US Supreme Court weighs sticky Spi­der-Man toy patent fight


The lat­est adventure of Spi­derMan, the Amer­i­can comic book fic­tional su­per­hero, is tak­ing him through the strange and mys­te­ri­ous world of U.S. patent law.

The United States Supreme Court was snarled in a web of legal ar­gu­ments Tues­day over whether an in­ven­tor could keep col­lect­ing roy­al­ties on a Spi­der-Man toy even af­ter his patent ex­pired.

The dis­pute in­volves a popular Web Blaster toy that lets chil­dren shoot foam string from a glove, much like the web-shoot­ing su­per hero.

In­ven­tor Stephen Kim­ble’s claim turns on whether the court is will- ing to over­rule a half-cen­tury-old case that says a li­cens­ing agree­ment can­not pay roy­al­ties once a patent ends.

Af­ter an hour of ar­gu­ment, it seemed most of the jus­tices were not in­clined to ditch long-stand­ing prece­dent.

The case be­gan when Kim­ble sold his patent on the toy to comic book gi­ant Marvel En­ter­tain­ment — a di­vi­sion of Walt Dis­ney Co. — in 2001 in a deal that has paid him more than US$6 mil­lion in roy­al­ties. But Marvel stopped mak­ing pay­ments af­ter the patent ex­pired in 2010.

A fed­eral ap­peals court “re­luc­tantly” sided with Marvel, say­ing it was bound by the high court’s “un- con­vinc­ing” 1964 case, Bru­lotte v. Thys Co., that for­bids roy­alty pay­ments af­ter a patent ex­pires.

Kim­ble’s lawyer, Ro­man Mel­nik, urged the jus­tices to over­rule the case, say­ing it is based on “out­dated and mis­guided” as­sump­tions, sti­fles com­pe­ti­tion and dis­cour­ages in­no­va­tion in the form of flex­i­ble li­cens­ing agree­ments.

But As­so­ciate Jus­tice Ruth Bader Gins­burg said it is well-known that li­cens­ing agree­ments can get around the re­stric­tion by mak­ing clear that any pay­ments are for the pe­riod be­fore a patent was granted.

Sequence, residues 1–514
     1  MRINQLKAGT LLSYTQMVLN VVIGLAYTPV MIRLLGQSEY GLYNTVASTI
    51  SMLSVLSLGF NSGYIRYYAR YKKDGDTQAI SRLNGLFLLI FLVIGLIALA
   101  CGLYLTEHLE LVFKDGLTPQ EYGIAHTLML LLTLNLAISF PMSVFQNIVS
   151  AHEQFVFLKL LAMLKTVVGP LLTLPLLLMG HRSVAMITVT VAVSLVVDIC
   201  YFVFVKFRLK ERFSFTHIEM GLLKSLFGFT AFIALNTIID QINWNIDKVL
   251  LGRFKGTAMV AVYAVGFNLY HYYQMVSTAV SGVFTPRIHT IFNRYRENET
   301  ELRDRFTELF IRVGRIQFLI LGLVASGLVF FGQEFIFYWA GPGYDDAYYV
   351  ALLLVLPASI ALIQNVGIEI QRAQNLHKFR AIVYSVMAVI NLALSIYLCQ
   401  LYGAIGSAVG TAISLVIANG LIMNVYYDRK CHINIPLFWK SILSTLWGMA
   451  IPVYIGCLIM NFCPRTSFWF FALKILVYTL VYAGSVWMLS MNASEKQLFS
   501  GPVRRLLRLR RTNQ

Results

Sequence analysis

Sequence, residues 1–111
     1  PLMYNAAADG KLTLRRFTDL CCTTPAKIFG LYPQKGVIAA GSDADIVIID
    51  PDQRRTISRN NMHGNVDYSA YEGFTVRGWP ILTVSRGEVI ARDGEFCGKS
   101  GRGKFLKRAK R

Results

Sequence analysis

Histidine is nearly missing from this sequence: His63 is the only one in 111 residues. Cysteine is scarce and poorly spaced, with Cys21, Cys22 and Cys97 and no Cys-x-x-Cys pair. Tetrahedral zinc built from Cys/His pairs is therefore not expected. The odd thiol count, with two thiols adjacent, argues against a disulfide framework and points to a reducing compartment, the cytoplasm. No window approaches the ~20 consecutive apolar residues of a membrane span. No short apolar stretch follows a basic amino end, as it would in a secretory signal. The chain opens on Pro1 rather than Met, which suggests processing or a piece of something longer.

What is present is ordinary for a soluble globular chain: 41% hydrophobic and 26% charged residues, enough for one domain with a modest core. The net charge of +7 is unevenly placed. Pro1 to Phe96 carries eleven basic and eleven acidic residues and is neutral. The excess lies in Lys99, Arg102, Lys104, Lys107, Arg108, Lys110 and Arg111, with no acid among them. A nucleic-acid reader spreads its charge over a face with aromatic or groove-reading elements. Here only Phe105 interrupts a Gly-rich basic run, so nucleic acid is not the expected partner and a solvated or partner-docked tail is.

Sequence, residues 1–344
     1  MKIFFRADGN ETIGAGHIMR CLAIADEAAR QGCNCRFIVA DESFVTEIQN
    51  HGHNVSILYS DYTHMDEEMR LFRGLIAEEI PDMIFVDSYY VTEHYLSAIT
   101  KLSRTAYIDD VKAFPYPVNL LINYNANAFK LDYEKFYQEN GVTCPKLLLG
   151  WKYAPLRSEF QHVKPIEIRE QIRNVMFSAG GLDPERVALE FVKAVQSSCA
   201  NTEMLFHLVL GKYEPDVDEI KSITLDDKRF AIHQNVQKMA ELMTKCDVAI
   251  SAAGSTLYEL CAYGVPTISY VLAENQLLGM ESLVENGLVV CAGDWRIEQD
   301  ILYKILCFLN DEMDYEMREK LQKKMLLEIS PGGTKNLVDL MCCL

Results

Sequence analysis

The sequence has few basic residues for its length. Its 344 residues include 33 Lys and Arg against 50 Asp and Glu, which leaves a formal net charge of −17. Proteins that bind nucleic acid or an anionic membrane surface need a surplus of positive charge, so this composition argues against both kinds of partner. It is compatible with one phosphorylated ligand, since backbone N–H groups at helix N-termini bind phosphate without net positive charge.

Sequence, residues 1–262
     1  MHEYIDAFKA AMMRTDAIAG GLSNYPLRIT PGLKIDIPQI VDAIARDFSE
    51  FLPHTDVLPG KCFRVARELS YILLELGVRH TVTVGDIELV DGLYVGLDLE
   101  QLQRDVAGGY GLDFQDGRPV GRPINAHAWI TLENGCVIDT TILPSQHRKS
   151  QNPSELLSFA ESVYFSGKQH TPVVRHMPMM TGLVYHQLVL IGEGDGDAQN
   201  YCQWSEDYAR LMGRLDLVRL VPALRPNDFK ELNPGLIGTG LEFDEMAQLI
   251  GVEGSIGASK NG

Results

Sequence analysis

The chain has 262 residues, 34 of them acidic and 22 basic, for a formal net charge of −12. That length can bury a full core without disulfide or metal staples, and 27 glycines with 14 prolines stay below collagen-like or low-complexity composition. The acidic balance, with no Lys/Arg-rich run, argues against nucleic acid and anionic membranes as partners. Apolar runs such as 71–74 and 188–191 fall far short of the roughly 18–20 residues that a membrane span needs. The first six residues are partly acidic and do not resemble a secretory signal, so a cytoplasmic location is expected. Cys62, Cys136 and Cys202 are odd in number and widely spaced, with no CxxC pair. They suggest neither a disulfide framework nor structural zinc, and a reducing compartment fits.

As­so­ciate Jus­tice Elena Ka­gan sug­gested the par­ties could form a joint ven­ture to get around the prob­lem. She said Kim­ble had not shown any “spe­cial jus­ti­fi­ca­tion” for over­turn­ing an es­tab­lished case, such as that it’s “un­work­able” or “ut­terly out of kil­ter.”

Mel­nik said many uni­ver­si­ties and other non­prof­its are not al­ways able to ne­go­ti­ate such agree­ments, es­pe­cially when it is un­clear how valu­able early-stage tech­nol­ogy will be in later years.

As­so­ciate Jus­tices An­thony Kennedy and So­nia So­tomayor both sug­gested it would be wiser to let the U.S. Congress change patent laws.

Marvel’s at­tor­ney, Thomas Saun­ders, took that as his cue to ar­gue that “Congress would be the ap­pro­pri­ate in­sti­tu­tion” to change the law and bal­ance com­pet­ing in­ter­ests.

Chief Jus­tice John Roberts seemed to be most open to over­rul­ing the 1964 case. While the court is usu­ally re­luc­tant to over­turn its own de­ci­sions, Roberts ticked off sev­eral cases from the 1960s that the high court has since reversed.

Jus­tice Depart­ment lawyer Mal­colm Ste­wart, rep­re­sent­ing the Obama ad­min­is­tra­tion, ar­gued that the case should re­main in­tact be­cause it fa­vors “un­re­stricted public ac­cess to un­patented and pre­vi­ously patented in­ven­tions.”

A rul­ing in the case is ex­pected by June.

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